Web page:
A major new UN climate report is to urge a rapid shift away from fossil fuels in the next eight years to reduce harmful greenhouse gases, as five million homes are pushed into ‘fuel stress’ with the energy price cap rising to nearly £2,000. Meanwhile, bitcoin energy consumption could be reduced by 99 per cent with a simple coding change, according to a new campaign, sustainable bank Triodos launches a £4.7 million community solar energy bond offer, and an expansion of sustainable finance rules is proposed by top EU advisers. It’s the Good With Money weekly newsbrief.
Key climate report to urge rapid shift from fossil fuels
A major new climate report by United Nations scientists on how to reduce harmful greenhouses gases is set to urge a rapid shift from fossil fuels over the next eight years.
Members of the Intergovernmental Panel on Climate Change (IPCC) are also likely to suggest the widespread use of carbon removal technology to limit dangerous warming.
The IPCC is due to publish its findings on what we can do to stem climate change today. However, disputes over the exact wording of the document have delayed agreement.
This new study will be the third of three important documents from the IPCC issued over the past eight months. The previous two have looked at the causes and impacts of climate change, but this one will focus on mitigation – or what we can do to stop it.
Five million households in ‘fuel stress’ as energy price cap rises
Five million homes have been pushed into ‘fuel stress’ with the energy price cap rising to nearly £2,000, a leading think-tank on living standards has warned.
The energy price cap rose to the record sum on Friday to help account for surging wholesale prices, and bills could go up even further in October to reflect the impact of Russia’s war in Ukraine.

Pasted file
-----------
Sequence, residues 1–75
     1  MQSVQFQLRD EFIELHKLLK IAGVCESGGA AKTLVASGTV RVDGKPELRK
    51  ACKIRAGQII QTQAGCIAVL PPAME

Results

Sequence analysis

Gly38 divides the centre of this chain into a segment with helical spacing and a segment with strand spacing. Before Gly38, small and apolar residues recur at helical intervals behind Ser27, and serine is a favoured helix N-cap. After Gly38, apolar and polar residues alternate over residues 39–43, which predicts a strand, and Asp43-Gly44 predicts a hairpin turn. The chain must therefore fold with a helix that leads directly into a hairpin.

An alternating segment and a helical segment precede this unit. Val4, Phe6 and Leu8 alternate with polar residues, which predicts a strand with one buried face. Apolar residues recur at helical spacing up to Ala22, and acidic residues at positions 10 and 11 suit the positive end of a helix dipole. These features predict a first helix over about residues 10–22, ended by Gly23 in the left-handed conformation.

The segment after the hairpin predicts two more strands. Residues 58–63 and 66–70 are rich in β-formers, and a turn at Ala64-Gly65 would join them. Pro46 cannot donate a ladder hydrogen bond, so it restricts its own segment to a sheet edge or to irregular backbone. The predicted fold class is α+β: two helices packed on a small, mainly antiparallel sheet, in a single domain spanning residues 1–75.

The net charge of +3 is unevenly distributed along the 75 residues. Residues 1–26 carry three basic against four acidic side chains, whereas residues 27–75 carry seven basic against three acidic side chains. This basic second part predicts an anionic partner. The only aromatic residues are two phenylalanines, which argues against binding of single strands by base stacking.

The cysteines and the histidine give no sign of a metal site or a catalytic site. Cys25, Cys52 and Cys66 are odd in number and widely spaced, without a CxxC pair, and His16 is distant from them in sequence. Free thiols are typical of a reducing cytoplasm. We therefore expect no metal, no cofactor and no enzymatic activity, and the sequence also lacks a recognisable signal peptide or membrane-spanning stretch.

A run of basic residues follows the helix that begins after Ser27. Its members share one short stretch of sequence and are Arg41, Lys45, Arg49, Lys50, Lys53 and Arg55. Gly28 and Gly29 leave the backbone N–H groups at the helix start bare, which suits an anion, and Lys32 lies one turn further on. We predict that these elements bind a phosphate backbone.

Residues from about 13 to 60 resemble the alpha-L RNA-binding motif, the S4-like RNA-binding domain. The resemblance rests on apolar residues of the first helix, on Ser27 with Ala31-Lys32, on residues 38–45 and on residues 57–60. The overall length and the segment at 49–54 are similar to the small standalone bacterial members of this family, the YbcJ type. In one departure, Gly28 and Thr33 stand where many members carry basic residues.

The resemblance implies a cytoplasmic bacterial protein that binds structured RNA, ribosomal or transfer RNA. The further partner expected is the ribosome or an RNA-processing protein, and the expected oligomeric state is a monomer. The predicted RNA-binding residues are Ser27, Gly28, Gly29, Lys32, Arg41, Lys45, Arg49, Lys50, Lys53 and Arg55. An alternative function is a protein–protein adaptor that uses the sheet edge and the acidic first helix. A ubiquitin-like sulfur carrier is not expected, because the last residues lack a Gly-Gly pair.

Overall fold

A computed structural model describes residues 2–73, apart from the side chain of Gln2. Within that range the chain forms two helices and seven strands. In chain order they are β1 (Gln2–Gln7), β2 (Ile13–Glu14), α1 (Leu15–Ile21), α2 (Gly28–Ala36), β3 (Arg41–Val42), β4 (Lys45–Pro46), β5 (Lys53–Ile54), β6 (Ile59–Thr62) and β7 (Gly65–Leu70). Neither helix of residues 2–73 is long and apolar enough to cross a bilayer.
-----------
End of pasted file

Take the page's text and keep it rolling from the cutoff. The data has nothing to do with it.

The latest rise meant that the number of households in England spending at least 10 per cent of their budget on energy bills, a share deemed to represent ‘fuel stress,’ doubled from 2.5 million overnight.
The Resolution Foundation says the poorest fifth of households are now spending more than twice the share of their budgets on energy bills than the richest fifth, even after taking into account a new government tax rebate scheme.
Coding change can reduce bitcoin energy consumption by 99%
Bitcoin mining already uses as much energy as the entire country of Sweden – but that could change with a simple switch in the way it is coded, according to a new campaign.
The Change the Code Not the Climate campaign, coordinated by the Environmental Working Group, Greenpeace and several groups battling bitcoin mining facilities in their communities, is calling on bitcoin to change the way its coins are mined in order to tackle its burgeoning carbon footprint.
The software code that bitcoin uses – “proof of work” – requires the use of vast computer arrays to validate and secure transactions. Proof of work is a way of checking that a miner has solved the extremely complex cryptographic puzzles needed to add to the bitcoin ledger.
Rival cryptocurrency ethereum is now shifting to another system known as “proof of stake” that it believes will reduce its energy use by 99 per cent. The campaign’s organisers argue bitcoin must follow suit or find another, less energy intensive method.
Triodos launches £4.7m community renewable energy bond offer
Sustainable bank Triodos is launching a £4.7 million community renewable energy bond offer through its crowdfunding platform for Empower Community Foundation.
Money raised will be used to refinance two 5MW solar farms near Salibsury in England and Arbroath in Scotland. Both were completed in 2016.
Empower Community Foundation is a social enterprise designed to accelerate the transition to sustainable low carbon local economies, by seeking to ensure that the financial benefits of renewable energy go back into local communities.
There is a £50 minimum investment, with the bond eligible to be held in a Triodos Innovative Finance ISA. The bond pays 4.25% gross interest annually, with the interest rate to rise with inflation each year.
Expansion of sustainable finance rules proposed by EU advisers
An expansion of the European Union’s sustainable finance rules to better grade activities such as gas-fired power plants that are not yet environmentally friendly has been proposed by top advisors.
Whether, and how, to include gas in the EU’s flagship ‘taxonomy’ – a list of green activities that will help the bloc reach its climate goals – has sparked an intense backlash over the last year.
After the European Commission proposed defining gas as ‘green’ using more generous emissions thresholds, a number of European countries and politicians said they would oppose it.
To help solve the issue, advisors have now suggested expanding the scope of the taxonomy using a traffic light system to include an intermediate, or ‘amber’, a category for activities that are not yet sustainable, but which could become so over time.